It is the first week of the Live Well Challenge! This week, the Wellness Peers will be exploring the topic of sleep and how that affects their well-being, both physical and mental. To meet the peers taking part in the Live Well Challenge this week, visit our ‘Bloggers page. To learn more about the Live Well Challenge, feel free read our introduction post!


Have you ever felt like you are living in a different time zone from your friend, even though in reality you live only 20 minutes away from each other? I know I have. A text message I send at 10:00 am in the morning can be seen several hours later, when a friend finally wakes up at 2:00 in the afternoon. Or vice versa. What I like to call ‘student zones’ only go to show the wide spectrum of sleeping habits, ranging from number of hours slept to the time of day students are active. Often, a ‘student zone’ or the number of hours slept will depend on the various commitments in a student’s life, from academics to work or other extracurricular activities.

Every year without fail I find myself slowly becoming bogged down by essays, midterms, and interpersonal commitments, especially as the term settles in and the first biting edge of autumn hits campus. Never do I feel more like Cinderella, (if Cinderella had digital technology and was worried about assignments instead of attending a ball), constantly glancing down at that little clock on the bottom of my screen, noticing suddenly how fast seconds turn into minutes, minutes into hours.

In times like these I know that I often become…somewhat neglectful of sleep. While I am less likely to pull all-nighters now than I was in first year (did I ever take advantage of IKBLC’s 24/7 opening hours during exam seasons), I do occasionally find myself blinking bleary at a computer screen at 3:00am while trying to finish up citations, half aware of my 7:00am alarm for class. I will be the first to admit that I do not feel my best the following day – more irritable, less focused, less productive.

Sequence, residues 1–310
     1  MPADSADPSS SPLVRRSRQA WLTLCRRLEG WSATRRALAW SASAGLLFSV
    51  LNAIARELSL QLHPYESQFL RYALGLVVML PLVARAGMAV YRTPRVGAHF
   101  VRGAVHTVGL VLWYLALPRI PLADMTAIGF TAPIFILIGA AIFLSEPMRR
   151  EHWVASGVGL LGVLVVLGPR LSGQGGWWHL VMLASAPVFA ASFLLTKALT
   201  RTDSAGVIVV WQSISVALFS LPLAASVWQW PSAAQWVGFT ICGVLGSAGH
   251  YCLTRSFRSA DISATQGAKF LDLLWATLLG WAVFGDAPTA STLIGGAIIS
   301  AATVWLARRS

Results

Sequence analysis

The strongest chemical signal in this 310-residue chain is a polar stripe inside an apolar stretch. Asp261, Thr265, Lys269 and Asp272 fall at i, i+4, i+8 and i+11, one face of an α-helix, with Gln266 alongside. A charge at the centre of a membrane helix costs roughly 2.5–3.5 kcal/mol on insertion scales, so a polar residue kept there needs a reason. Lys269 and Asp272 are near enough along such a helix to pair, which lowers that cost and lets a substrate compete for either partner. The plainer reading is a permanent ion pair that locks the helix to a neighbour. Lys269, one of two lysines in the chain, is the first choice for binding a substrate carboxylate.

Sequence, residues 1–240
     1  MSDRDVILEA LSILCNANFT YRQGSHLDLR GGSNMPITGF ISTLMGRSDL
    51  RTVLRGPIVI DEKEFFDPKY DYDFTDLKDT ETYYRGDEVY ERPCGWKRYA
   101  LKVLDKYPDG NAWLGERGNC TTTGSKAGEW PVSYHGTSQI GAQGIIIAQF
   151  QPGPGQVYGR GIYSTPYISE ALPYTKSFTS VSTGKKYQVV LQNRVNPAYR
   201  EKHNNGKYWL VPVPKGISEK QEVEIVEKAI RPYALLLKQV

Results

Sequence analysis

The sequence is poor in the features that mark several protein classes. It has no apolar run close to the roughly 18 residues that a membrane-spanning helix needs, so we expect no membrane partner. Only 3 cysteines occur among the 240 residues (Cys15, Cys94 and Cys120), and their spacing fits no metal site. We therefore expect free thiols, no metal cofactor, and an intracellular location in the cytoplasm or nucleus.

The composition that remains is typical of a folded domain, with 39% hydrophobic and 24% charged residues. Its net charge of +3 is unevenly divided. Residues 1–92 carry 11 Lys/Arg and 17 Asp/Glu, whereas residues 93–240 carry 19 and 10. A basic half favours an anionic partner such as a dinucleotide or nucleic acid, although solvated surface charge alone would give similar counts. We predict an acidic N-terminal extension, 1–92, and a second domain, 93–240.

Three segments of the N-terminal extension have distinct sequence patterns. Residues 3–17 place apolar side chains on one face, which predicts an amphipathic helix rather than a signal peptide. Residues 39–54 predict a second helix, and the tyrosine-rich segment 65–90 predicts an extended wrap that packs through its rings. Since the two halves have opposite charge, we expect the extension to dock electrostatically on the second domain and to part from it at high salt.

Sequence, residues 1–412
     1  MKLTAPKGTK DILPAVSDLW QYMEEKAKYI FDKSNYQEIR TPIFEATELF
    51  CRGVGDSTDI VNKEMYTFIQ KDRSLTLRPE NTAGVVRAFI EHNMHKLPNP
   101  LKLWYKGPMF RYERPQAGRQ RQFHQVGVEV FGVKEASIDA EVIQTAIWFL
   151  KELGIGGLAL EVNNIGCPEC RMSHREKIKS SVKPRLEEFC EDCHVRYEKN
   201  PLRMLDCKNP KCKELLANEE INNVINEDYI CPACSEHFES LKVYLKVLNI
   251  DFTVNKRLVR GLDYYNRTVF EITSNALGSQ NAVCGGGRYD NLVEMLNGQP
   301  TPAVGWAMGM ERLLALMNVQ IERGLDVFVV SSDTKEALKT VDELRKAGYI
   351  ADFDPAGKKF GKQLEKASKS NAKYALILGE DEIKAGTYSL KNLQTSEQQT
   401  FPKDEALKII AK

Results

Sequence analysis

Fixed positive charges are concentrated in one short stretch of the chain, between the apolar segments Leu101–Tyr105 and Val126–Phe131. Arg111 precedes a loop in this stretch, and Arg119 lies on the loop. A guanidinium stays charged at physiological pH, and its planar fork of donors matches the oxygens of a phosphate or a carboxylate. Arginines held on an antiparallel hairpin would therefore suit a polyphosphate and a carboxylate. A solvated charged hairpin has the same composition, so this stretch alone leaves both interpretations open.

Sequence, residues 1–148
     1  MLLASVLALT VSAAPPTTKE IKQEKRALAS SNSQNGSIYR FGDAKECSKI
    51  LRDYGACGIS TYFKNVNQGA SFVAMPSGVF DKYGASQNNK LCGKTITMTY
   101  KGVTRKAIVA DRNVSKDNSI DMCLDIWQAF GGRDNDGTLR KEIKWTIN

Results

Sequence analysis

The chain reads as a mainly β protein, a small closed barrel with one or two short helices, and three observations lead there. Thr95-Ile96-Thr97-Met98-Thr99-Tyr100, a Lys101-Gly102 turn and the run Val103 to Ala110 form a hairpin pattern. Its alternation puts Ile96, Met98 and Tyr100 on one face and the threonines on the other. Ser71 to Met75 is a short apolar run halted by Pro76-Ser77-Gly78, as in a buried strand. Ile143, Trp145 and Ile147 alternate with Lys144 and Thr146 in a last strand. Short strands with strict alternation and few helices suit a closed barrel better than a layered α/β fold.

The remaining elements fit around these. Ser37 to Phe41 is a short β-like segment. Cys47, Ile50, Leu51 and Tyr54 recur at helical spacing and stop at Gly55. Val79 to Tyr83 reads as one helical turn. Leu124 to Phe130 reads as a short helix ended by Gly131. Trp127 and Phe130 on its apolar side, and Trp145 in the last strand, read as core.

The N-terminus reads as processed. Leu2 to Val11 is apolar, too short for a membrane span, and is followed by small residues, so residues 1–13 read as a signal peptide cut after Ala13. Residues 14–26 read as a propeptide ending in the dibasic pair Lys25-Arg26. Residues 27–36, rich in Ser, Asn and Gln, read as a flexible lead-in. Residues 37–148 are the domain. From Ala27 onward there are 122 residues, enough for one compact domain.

A lack of sleep can have a significant impact on my health, brain function, and ability to learn and process of information during the day. Yet, it can be so easy to ignore this small but vital action we can take to improve our personal wellbeing.

Therefore this year for the Live Well to Learn Well Challenge, I am going  to listen to my body and take the time to reduce fatigue and irritability in one simple way, by sleeping. My challenge for myself and for everyone on campus this week is to take one day of the week and let your body and not your calendar dictate your sleep.

In the evening, I will head to bed when I feel myself getting sleepy and wake up only when my body is ready to. No alarms, no wake up calls, (no asking my brother to throw something heavy at my sleeping form), just letting my internal clock take over. While experts say we cannot ‘catch up’ on lost sleep, it will certainly be interesting to see how my mind and body respond the following day. It can be a great chance for everyone to learn more about their unique sleeping needs and how it can positively (or negatively) impact their mental and physical wellbeing.

Throughout the week, we encourage everyone to join us in the challenge by posting your progress on social media using the #ubcpeerperspective hashtag. On Friday, the Wellness Peers will be reflecting and posting their experiences with the challenge, so feel free to revisit Healthy Minds later this week to see what fellow UBC students had to say on this challenge.

Good luck everyone and happy sleeping!


To learn more about the benefits of sleep and get tips on how to improve your sleep quality, visit the Live Well to Learn Well webpage on sleep or read about other students’ sleeping experiences on the Healthy Minds Blog.